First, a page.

OP-ED: Why are We so hard on Ourselves?

Discussion in 'General Card Modeling' started by Fishcarver, Feb 17, 2007.

  1. Fishcarver

    Fishcarver Active Member

    Hi Gang:
    As a long time poster and observer on this forum (as well as a professional art instructor), I am quite curious about why we, as model builders, tend to keep pointing out our mistakes to one another?

    I am just as guilty of this as the next person, so I am not standing on any soap box here!

    Now, do not get me wrong: if the parts of a published kit do not fit as they are supposed to, then the community needs to know. So so the publishers.

    But to see modelers pointing out their mistakes, while overlooking the finer points of their model.....?

    Sure! we are all going to make mistakes. No model will ever be perfect. Every model that we build will incorporate mistakes. Mistakes are (or should be )our teaching points, and as I tell my students. "Perfect teaches nothing."

    I just toss this out for discussion and comment. I have no particular axe to grind here!! I am just interested in gathering your input!

    Regards from Canada!

  2. paper warrior

    paper warrior Member

    ya know, I never thought of that. Maybe people just aren't too optimistic.
  3. wunwinglow

    wunwinglow Active Member

    Constructive Criticism

    I would prefer constructive criticism to gushing plaudits any time. Provided I can learn from the comments I don't mind a bit if someone has anything to say. And being my own worst critic, I tend to know what I have skimped on anyway, and having someone else notice it too keeps my feet on the ground!

  4. Fishcarver

    Fishcarver Active Member

    Tim: Good to hear from you! Hope your courses are going well! I, for one, miss your regular presence on the forum!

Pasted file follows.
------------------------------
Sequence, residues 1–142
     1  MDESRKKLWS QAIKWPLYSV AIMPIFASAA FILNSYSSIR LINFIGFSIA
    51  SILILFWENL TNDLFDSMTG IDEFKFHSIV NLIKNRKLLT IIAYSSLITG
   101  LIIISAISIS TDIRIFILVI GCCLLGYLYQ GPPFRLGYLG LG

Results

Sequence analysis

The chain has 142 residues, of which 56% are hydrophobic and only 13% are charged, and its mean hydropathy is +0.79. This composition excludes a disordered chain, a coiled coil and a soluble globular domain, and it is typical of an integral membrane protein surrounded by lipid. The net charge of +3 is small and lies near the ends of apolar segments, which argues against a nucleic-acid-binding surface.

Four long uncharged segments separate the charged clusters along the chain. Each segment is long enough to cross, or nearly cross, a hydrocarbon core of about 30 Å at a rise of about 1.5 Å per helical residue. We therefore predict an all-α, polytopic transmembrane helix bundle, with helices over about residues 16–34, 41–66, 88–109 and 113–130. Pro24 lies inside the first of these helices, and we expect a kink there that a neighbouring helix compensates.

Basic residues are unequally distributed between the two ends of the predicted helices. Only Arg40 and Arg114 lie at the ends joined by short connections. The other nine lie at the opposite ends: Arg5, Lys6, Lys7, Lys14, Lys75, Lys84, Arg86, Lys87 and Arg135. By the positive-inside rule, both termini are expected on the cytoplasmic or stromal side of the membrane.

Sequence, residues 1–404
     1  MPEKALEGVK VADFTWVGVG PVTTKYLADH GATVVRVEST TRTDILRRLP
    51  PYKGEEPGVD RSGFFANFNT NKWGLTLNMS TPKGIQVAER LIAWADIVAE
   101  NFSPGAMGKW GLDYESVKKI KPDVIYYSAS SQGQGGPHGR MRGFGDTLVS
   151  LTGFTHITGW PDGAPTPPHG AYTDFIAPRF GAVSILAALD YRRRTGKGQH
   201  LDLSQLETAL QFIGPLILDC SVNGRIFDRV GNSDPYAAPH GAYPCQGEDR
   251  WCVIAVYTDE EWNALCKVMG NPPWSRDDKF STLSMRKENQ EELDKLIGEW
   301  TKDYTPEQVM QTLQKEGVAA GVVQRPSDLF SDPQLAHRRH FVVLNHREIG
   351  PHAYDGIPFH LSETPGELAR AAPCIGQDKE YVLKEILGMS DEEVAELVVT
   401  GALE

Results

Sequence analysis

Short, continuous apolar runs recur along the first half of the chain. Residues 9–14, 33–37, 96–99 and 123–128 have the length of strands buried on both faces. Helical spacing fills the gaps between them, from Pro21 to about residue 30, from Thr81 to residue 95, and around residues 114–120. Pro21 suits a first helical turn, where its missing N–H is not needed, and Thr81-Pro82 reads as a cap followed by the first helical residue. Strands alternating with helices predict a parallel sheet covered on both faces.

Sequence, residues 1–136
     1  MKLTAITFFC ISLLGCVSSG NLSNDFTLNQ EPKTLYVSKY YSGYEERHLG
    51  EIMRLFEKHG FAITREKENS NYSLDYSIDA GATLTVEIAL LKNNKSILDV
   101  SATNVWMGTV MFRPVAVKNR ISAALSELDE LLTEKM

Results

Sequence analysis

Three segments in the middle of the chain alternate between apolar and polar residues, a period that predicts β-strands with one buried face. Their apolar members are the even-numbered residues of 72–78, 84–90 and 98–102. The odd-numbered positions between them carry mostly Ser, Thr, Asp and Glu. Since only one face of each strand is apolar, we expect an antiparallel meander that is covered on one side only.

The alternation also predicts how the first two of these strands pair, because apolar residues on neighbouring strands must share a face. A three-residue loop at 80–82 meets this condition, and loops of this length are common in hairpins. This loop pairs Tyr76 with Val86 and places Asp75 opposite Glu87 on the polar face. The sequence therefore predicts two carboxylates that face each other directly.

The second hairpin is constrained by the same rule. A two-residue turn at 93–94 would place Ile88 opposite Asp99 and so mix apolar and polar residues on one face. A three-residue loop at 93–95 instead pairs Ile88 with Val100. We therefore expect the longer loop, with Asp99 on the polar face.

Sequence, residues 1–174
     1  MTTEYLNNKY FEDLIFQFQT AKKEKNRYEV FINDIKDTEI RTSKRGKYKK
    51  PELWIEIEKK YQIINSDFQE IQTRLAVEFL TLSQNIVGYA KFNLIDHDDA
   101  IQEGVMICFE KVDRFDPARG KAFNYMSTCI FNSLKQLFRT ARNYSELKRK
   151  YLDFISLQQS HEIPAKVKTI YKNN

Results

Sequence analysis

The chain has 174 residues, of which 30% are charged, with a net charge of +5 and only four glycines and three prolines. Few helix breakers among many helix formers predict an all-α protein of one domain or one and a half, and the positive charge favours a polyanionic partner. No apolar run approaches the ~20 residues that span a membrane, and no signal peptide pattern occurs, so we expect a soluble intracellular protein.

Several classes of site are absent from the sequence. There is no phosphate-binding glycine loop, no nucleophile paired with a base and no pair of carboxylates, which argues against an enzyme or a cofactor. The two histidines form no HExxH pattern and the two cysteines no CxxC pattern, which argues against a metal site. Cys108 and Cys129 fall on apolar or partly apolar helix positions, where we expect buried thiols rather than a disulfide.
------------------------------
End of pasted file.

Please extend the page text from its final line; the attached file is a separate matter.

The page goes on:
Regards from Canada!
  5. Art Decko

    Art Decko Member

    Is that true? Actually, from what I've seen around here, I rather picked up the opposite impression - that this forum (and probably by extension, this community) is uncommonly civil. Posted photos of even modest modeling efforts usually earn strings of warm and enouraging comments. I really admire that about this forum.
  6. Sumato

    Sumato Member

    I say critisize away! (It's gonna happen, anyhow)

    Our goals in modeling don't diverge so much as artists' do. We generally aren't trying to make a statement, or express something personal in our work. (Other than our competence) We just want to model our topics accurately and efficiently, and accepting critisim is integral to that. Fortunately, I know of no one in this industry that is paid to critique card models (yet). Here's what I observe:

    1-All of us here have strengths and weaknesses

    2-We dispense and recieve critisism on the basis of those strengths and weaknesses

    3-We need to keep it coming, in order to grow the industry and the modelers themselves

    4-We need to be adult enough to take ALL kinds of critism, in order to benefit from it. We don't have to agree with it, though.

    All of this not withstanding, I do feel there is a right and wrong way to relate observations and critisims, and I'm sure you all understand what I mean, here.
  7. Kaz

    Kaz Member

    The trouble with todays 'macro setting all singing/dancing cameras', is the faults are more than glaringly obvious, and as such those who comment know that we have already seen, and understood our errors.
    What is there left for the critic/viewer to say but
    'Its a good piece of work'
    'nice finish'
    'I like the extras you made for the wings/doors/wheels' etc etc etc
    which, while welcome, doesnt truly help the builder with their struggle.
    As Art Decko said
    And for that all I can say is thankyou.
    What, you may ask, will help the builder with their struggle? Practice, practice, and tea and cake. Oh and a few warm and welcome comments about how good the model is and what a great idea you had for the wings/wheels etc etc etc